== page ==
After we said goodbye to the children and they went on their way to school, visited the village chief to pay our respects and to thank him for his village's hospitality. We took a few gifts ashore with us, including some D cell batteries that had been asked for and some tinned food. The chief was very excited to see us and offered us some beautiful shells and a hawksbill turtle carapace in return for our gifts. We accepted the shells, even though we may lose a couple to customs when we get to Australia, however we had to decline the very generous gift of the turtle shell, as we know for certain that it's on the “Don't even try to bring it into the country buddy” list. As we were leaving, Bill, the chief, asked us if we had a spare Bible that he might have. We didn't have any spare Bibles onboard, but we did promise that we'd buy one once we got back home to Australia and mail it to him.

Sunday 16th October 2011

After a beautiful sail from Fiji we arrived in the island of Tanna, Vanuatu.

We'd wanted to stop in Tanna because of the active volcano that is said to be one of the most spectacular in the Pacific. As we sailed towards Port Resolution, on the eastern side of Tanna, we could see the cloud of volcano smoke rising from the island, although at the time we had no clue.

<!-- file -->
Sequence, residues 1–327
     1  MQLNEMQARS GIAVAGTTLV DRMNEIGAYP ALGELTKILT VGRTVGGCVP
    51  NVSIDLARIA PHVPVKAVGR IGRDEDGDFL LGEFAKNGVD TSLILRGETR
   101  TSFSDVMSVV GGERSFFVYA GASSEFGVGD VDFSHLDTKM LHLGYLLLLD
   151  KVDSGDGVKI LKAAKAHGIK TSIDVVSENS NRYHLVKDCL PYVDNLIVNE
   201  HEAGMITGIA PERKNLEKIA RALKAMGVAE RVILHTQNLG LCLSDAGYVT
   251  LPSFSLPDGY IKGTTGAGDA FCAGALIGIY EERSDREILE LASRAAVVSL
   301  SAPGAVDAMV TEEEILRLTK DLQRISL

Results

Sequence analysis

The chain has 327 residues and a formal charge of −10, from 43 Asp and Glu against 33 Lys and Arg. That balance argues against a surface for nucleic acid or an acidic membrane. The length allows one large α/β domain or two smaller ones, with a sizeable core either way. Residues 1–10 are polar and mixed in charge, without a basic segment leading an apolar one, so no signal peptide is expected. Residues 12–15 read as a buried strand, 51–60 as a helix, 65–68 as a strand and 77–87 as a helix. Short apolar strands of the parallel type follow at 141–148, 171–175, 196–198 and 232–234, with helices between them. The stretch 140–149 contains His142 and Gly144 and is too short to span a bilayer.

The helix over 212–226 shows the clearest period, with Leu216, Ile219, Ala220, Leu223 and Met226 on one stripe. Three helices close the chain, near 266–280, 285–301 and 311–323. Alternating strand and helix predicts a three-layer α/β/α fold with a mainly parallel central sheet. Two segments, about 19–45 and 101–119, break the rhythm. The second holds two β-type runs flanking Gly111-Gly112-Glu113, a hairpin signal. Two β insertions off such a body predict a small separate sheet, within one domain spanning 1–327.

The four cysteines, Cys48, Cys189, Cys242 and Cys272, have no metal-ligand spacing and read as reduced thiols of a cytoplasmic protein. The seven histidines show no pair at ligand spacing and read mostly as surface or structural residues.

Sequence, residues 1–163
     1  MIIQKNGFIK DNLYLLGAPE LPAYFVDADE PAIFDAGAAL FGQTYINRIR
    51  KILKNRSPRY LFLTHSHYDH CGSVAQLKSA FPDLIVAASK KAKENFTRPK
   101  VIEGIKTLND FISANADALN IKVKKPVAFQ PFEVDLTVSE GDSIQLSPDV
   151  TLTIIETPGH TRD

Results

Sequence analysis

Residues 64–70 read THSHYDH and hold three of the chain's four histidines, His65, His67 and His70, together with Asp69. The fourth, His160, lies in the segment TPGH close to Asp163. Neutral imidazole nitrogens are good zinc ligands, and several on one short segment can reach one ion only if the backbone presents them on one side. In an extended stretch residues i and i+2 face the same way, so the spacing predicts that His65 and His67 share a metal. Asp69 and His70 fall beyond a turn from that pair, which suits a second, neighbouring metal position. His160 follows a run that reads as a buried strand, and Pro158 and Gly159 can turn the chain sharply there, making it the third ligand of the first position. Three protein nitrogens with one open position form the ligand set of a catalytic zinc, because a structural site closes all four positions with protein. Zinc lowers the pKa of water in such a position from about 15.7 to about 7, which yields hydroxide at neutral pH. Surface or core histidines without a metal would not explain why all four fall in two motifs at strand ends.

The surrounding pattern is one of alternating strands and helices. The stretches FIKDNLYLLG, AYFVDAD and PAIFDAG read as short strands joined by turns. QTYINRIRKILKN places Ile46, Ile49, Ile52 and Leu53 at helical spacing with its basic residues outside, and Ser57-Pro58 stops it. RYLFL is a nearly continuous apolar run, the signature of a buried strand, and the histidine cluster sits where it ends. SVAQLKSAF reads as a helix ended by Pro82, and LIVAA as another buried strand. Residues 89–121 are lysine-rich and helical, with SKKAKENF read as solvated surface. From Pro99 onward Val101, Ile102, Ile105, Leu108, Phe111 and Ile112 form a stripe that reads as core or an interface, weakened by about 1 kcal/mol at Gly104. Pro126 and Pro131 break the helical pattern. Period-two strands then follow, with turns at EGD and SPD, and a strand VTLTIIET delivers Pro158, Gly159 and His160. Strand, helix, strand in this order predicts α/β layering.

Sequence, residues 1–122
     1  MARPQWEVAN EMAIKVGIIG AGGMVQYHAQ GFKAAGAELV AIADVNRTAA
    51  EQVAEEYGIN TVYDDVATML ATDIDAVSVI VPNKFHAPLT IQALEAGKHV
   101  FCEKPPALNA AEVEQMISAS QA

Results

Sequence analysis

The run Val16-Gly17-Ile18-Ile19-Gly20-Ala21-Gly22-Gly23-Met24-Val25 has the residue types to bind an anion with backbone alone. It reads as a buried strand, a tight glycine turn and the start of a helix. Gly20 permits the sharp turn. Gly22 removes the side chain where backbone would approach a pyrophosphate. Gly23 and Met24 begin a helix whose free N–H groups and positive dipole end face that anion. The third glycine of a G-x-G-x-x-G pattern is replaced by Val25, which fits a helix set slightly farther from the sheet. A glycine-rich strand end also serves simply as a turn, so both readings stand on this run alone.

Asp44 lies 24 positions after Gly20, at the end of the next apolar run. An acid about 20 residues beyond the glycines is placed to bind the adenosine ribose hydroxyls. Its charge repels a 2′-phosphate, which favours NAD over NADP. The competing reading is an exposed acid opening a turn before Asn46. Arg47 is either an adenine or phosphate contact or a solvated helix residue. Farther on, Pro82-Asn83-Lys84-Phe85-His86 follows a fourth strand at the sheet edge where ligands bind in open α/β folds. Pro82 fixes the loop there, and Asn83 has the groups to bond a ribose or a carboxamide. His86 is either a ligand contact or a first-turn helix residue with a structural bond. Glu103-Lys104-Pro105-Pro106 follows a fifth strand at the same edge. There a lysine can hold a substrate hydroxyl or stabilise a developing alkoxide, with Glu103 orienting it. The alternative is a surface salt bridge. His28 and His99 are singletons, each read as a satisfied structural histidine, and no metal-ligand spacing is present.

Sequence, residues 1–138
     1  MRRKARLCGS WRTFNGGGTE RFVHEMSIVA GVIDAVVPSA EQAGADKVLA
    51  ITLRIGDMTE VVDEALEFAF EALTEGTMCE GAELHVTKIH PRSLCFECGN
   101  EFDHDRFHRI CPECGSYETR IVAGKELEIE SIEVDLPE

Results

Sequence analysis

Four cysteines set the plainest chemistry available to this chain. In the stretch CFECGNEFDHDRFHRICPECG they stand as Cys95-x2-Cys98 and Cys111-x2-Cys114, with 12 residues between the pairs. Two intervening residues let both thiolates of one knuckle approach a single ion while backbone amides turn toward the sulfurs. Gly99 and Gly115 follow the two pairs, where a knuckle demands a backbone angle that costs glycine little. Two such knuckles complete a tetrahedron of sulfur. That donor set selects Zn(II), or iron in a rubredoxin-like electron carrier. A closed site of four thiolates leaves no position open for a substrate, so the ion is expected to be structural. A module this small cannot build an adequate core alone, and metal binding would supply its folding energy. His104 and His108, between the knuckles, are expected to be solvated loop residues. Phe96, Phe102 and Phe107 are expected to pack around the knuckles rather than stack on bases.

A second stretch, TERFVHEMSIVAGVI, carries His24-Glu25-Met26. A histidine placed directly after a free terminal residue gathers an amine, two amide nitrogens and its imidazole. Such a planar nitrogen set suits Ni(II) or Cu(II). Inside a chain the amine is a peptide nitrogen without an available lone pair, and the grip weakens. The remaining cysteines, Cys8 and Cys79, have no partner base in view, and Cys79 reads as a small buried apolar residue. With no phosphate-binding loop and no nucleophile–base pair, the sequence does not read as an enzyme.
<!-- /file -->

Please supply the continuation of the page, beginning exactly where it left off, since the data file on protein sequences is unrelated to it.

We arrived and anchored and went ashore. Port Resolution was named by Captain Cook after his sailing ship “Resolution” in 1774 when he visited the island and, as we later found out, was highly regarded by the natives of the island. Contrary to many other explorers and European visitors who made landfall on these Pacific Islands, Captain Cook seemed to have a knack of befriending the natives and leaving with good will and a measure of mutual respect.

Visiting the island's villages, we met the chief's son who is currently being groomed to take over soon. He spoke very good english and told us that his family has been the presiding chief of the village and the area for generations. He told us a fascinating story, that's no doubt been passed down from generation to generation, about Captain Cook's landing.

His great great (great) grandfather was chief many years ago and was sitting on a mat, watching as Captain Cook's ship sailed into the harbour and dropped anchor. Captain Cook came ashore and as he approached the chief he bent down and scooped up a handful of earth. Holding his hand, filled with dirt, to the chief he motioned for the chief to give him the name of the island. The chief looked at the soil and proclaimed “Tanna” to the strange looking white man. Now “Tanna” in the local language means “Dirt” or “Earth” and wasn't actually the name of the island, however Captain Cook recorded the name of the island as being “Tanna” and since it appeared in all the nautical charts as Tanna, the island has now accepted this name.

The trip to the volcano is going to be remembered as a highlight of our adventure for as long as we live.

We hired a ute to take us and a couple of other yachts to the top of the volcano. The 4WD trip through the bumpy, washed out dirt tracks was an experience in itself as fourteen of us were packed into the back of the ute and bounced along the rutted tracks for near on an hour. We all arrived just below the summit, eager to get out and to take some weight off our bruised backsides as we walked to the summit.